PORT ST. LUCIE — The city will develop park facilities around Lake Harvey in St. Lucie West to give neighborhood residents a much-needed place to exercise, the City Council decided Monday.
A key feature is an 8-foot-wide multi-use path that will wind around the lake and through the wetlands. There also will be a fitness station, gazebo, several concrete seating areas and several pergola shade structures with benches.
The St. Lucie West Services District agreed to chip in $50,000 to transport 50 royal palm trees to Lake Harvey from the McCarty Ranch Extension, said District Manager and Utilities Director Dennis Pickle.
The trees will partially replace the landscape buffer removed to make way for the lakes.
Councilman John Carvelli said it’s important to beautify the the northwest corner of St. Lucie West and Cashmere boulevards.
City officials are seeking contributions from businesses, homeowners associations and other organizations to help pay for the park amenities. So far, $1,100 has been received.
“We want to try reach out as much as we can to get the community to partner with us,” said Assistant City Manager Patricia Roebling. “Right now, staff is not asking for money to be appropriated.”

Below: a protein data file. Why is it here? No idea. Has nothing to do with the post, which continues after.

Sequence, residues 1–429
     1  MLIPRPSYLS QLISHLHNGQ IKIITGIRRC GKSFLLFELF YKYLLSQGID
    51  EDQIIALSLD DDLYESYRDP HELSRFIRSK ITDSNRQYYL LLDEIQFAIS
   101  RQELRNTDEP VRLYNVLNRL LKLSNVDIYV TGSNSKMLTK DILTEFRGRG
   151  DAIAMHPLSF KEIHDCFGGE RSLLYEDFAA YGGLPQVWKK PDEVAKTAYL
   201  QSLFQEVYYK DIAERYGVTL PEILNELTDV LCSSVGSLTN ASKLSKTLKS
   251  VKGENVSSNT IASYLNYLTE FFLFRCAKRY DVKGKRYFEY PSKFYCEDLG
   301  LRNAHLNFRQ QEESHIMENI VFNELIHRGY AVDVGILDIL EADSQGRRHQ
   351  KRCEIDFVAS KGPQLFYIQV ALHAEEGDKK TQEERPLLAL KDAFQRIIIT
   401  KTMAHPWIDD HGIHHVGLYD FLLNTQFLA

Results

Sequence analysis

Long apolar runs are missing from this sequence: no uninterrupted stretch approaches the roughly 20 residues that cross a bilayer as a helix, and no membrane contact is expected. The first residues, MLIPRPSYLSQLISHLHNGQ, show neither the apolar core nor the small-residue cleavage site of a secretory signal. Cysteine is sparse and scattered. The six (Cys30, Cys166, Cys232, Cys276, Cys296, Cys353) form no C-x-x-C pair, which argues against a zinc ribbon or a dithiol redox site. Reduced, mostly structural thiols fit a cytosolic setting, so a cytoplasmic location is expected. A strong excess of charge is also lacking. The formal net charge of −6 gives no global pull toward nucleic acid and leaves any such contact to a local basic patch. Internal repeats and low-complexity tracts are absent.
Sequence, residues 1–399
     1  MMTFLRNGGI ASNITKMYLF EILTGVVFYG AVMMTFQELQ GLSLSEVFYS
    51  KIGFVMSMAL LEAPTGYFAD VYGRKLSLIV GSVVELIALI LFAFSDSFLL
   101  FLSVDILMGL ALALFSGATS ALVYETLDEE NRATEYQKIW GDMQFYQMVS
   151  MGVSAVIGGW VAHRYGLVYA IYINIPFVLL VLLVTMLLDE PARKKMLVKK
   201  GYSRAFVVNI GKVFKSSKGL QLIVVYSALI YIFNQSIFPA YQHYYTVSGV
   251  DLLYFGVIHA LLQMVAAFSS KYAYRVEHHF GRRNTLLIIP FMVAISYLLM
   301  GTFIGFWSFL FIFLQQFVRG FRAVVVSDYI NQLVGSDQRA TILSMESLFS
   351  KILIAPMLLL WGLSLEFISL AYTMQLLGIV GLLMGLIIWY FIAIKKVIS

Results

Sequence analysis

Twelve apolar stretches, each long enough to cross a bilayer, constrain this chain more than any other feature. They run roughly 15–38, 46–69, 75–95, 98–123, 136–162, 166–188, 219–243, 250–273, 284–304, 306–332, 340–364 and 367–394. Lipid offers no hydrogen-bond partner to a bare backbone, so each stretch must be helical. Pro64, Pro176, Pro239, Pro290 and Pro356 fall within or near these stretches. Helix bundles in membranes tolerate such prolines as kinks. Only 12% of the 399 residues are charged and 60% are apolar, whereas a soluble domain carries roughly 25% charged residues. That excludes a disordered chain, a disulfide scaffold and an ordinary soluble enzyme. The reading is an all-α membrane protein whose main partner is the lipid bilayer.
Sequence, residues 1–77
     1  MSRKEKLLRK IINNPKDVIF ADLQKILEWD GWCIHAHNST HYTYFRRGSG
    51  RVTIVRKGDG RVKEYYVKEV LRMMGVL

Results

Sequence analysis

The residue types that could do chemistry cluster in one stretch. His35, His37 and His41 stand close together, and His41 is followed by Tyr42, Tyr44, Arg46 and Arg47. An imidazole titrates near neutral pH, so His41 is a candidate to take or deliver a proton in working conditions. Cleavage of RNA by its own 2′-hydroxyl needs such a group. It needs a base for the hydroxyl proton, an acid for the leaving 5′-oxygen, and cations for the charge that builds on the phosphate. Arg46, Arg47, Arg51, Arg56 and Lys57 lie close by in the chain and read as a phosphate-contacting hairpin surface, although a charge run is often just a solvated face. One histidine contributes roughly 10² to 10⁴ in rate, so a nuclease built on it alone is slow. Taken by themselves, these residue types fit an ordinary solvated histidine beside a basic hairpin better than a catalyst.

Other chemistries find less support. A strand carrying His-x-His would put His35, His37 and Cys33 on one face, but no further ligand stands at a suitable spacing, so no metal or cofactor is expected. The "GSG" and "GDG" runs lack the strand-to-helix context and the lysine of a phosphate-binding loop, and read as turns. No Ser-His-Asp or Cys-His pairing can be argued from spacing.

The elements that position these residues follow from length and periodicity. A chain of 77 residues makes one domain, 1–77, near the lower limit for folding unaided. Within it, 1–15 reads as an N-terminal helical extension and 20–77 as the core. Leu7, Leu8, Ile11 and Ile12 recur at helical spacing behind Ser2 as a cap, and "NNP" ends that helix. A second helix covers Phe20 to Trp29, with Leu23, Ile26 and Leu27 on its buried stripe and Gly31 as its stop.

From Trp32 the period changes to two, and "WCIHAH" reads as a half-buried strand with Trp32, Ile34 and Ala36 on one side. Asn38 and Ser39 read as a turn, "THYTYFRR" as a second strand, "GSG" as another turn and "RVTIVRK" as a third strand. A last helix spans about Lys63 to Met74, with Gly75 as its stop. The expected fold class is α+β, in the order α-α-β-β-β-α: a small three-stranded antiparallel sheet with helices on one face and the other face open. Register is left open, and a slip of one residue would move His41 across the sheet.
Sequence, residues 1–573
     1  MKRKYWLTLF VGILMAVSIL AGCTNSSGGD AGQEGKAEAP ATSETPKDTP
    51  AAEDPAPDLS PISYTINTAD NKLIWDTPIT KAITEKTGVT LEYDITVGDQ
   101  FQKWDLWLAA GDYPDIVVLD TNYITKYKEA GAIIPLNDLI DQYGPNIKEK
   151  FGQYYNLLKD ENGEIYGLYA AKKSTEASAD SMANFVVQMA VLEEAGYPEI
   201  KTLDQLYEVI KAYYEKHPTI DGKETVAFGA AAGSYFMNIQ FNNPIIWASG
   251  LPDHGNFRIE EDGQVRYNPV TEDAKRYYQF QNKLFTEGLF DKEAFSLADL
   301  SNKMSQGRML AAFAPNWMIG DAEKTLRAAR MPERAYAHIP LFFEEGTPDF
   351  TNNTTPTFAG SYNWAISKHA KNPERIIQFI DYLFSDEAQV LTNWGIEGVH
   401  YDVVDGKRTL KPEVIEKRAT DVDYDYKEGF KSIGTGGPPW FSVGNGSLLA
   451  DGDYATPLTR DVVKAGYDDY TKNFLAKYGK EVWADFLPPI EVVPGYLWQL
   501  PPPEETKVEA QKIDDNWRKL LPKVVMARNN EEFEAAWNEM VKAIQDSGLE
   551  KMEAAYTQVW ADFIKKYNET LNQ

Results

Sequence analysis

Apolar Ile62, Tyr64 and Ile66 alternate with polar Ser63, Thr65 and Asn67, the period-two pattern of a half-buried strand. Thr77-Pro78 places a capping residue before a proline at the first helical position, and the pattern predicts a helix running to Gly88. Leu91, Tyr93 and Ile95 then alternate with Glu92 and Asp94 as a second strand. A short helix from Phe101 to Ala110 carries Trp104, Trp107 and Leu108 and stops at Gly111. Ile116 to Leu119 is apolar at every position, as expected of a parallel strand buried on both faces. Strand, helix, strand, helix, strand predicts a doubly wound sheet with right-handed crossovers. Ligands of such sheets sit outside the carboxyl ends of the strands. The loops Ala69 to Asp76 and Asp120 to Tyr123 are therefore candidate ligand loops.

Lake Harvey was completed in November to improve drainage and water quality in northeastern St. Lucie West, Pickle said. Lakes cover 2.3 acres and wetlands cover 4.1 acres on the 12.5-acre property.
The project cost $5.5 million for land and construction, Pickle said. It was named after Harvey Cutler, who served on the services district board from 2007 until his death in 2015.
Stormwater drains more rapidly in the Kings Isle, Beford Lakes and Sun Terrace subdivisions as a result of the construction of Lake Harvey, Pickle said.
Lake Harvey is one of three major drainage projects undertaken by the services district.
The services district also made improvements to two drainage outlets that flow into the Turnpike Canal.
In addition, the services district plans is negotiating to purchase a 13-acre section of the St. Lucie Trail Golf Course for drainage facilities, Pickle said.